US Army Veteran Fighting Deportation Case

US Army Veteran Fighting Deportation Case

Veteran Headstones

Family members of an Army veteran, and Purple Heart recipient, pleaded to federal officials to release their son from custody. On Monday night, Ricardo Rocha, ICE spokesman, said he was released from custody.

Gerardo Armijo was locked up at the Port Isabel Detention Center. He was being held there while authorities sought to get him deported to Mexico for several drug-related convictions.

Armijo’s parents and aunt said they wanted see the veteran released from jail, while he fought his immigration deportation case.

Carlos Garcia, Armijo’s attorney, said, “This is an American hero. He shouldn’t be locked up in detention. He should be able to fight his case,” he said. “He’s not a flight risk. He’s not a danger to the community. They should use their discretion and allow him to pursue his immigration relief while he’s not detained.”

Garcia said Armijo holds a permanent resident status and is in the country legally. But he is facing deportation to Mexico because of several drug convictions.

The law states if a resident alien is convicted of one possession of cocaine charge or possessing a certain amount of marijuana, that person can be deported. So legally the government has the right.

The family said Armijo started getting into trouble after returning home for his last tour in Iraq.

Armijo was injured in Iraq, when his tank blew up by a couple of mines. He received a Purple Heart and was honorably discharged.

“This is a man who almost gave his life for our country. He deserves the respect that he merits, that he earned. I can just imagine the trauma that he suffered having his tank blown up,” Garcia said. “Seeing his fellow soldiers killed and this is the way we’re treating him. This is not the way we should be treating Purple Heart veterans, people who volunteered and given the ultimate sacrifice for our country.”

The family said Armijo knows he has a problem. He gets treatment and has been drug free for six months. They said they feared keeping him locked up would’ve cause him more harm.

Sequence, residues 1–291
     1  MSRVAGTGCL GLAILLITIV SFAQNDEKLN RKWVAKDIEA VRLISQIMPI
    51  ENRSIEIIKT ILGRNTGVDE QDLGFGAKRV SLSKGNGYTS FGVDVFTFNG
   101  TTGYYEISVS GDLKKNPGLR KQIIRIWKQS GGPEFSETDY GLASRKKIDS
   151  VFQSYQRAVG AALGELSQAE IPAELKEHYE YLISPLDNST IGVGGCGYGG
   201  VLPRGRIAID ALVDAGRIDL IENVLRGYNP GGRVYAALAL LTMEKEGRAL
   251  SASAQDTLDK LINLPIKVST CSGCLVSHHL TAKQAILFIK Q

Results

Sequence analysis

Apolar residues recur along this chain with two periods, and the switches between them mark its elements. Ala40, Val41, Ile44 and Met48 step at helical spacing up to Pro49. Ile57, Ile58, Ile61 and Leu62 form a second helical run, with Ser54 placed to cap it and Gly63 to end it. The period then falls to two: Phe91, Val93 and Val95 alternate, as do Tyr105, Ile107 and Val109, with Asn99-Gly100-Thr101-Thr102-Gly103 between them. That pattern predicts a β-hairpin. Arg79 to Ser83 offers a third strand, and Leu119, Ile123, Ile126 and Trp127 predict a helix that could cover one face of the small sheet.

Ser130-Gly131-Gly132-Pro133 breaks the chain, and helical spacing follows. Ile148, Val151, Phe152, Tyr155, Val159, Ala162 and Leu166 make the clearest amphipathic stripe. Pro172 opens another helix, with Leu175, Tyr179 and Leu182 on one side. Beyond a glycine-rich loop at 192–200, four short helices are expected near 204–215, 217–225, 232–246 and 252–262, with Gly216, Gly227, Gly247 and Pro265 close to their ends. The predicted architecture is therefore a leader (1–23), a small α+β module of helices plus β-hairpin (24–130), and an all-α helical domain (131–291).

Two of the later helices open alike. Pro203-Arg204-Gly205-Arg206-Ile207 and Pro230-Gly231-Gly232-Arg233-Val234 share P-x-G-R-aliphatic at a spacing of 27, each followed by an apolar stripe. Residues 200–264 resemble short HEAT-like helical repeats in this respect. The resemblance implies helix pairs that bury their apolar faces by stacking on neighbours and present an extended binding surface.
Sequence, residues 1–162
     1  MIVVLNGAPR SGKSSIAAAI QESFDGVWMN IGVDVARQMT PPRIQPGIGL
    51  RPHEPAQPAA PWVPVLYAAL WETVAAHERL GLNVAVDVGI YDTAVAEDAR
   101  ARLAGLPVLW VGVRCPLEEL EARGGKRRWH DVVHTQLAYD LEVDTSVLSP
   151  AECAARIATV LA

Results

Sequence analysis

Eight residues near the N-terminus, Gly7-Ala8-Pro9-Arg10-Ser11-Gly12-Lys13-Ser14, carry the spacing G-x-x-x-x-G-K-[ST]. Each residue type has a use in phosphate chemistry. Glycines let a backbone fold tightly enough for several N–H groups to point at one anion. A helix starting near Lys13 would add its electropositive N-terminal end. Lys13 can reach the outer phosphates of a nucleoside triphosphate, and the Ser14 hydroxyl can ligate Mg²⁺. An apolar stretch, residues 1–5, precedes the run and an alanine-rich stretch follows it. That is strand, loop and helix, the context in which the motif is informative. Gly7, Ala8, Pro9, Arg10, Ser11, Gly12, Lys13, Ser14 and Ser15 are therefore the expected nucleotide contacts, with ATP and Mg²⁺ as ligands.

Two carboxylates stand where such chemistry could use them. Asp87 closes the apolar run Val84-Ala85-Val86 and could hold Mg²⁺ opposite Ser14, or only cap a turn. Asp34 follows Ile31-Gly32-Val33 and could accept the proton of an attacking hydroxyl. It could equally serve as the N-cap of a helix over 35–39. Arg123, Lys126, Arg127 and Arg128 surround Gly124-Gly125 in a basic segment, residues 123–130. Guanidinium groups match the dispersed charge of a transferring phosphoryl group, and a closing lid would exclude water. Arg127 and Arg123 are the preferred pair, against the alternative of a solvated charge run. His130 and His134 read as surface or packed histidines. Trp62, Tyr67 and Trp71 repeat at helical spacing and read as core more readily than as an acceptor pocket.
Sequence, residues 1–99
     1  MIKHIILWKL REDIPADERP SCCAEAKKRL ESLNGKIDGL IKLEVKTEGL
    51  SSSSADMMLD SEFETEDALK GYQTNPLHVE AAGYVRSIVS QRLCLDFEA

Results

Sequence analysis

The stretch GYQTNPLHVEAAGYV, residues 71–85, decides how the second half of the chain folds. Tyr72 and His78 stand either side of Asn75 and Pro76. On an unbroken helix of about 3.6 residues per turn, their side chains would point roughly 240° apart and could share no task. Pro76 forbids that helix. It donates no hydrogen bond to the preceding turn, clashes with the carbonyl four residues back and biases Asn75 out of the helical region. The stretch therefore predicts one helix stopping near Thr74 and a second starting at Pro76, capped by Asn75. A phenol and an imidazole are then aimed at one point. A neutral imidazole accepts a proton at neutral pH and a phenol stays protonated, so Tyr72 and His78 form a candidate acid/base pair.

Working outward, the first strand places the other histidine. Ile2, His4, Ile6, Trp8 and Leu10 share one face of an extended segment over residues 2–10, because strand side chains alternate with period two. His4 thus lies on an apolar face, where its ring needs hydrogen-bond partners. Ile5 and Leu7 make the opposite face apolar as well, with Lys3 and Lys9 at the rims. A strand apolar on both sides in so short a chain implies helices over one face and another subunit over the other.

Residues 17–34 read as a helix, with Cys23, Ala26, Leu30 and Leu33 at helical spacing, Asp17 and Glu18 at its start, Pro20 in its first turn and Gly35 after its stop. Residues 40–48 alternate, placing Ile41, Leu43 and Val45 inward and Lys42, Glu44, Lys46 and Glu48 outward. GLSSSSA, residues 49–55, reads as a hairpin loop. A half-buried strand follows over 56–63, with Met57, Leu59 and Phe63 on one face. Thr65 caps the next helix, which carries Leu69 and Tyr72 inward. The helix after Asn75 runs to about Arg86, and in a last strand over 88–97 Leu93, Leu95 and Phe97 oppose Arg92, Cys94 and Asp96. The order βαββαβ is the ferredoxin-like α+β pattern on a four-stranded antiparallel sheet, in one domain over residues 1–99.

“We’re hurting for what he’s going through. Clearly, he made some errors like any other person, but we want them to give him an opportunity,” Angelia Armijo, Armijo’s mother, said.

The family said they don’t want to see him deported. They’re fighting the case. They said he knows no one in Mexico.

“I think the government is doing something bad to him, because for him to go and fight for so many years, this shouldn’t be happening,” Armijo’s aunt, Maria Ana Hernandez, said.

The family said Armijo should stay in the country he fought for and almost died for.

“If he made a mistake, he should be punished. But don’t send him to Mexico,” Jose Raudel Armijo, the veteran’s father, said. “He helped defend the United States. Yes, he made an error but they should allow him to stay here.”

“I took the case pro bono because I felt so strongly about this,” Armijo’s attorney said. “We’re going to fight it to the end.”

Garcia said he submitted a request to ICE officials on three separate occasions seeking Armijo’s release.

CHANNEL 5 NEWS reached to ICE about the matter. Jennifer D. Elzea, ICE deputy press secretary, released the following statement:

“ICE respects the service and sacrifice of those in military service, and is very deliberate in its review of cases involving veterans.  Any action taken by ICE that may result in the removal of an alien with military service must be authorized by the senior leadership in a field office, following an evaluation by local counsel. ICE exercises prosecutorial discretion on a case-by-case basis, when appropriate, for members of the armed forces who have honorably served our country. ICE specifically identifies service in the U.S. military as a positive factor that should be considered when deciding whether or not prosecutorial discretion should be exercised.”

We also reached to State Representative Oscar Longoria. He said he plans to contact the county veteran’s affairs office and the Texas Veterans Affairs Commission to see what they can do to help.


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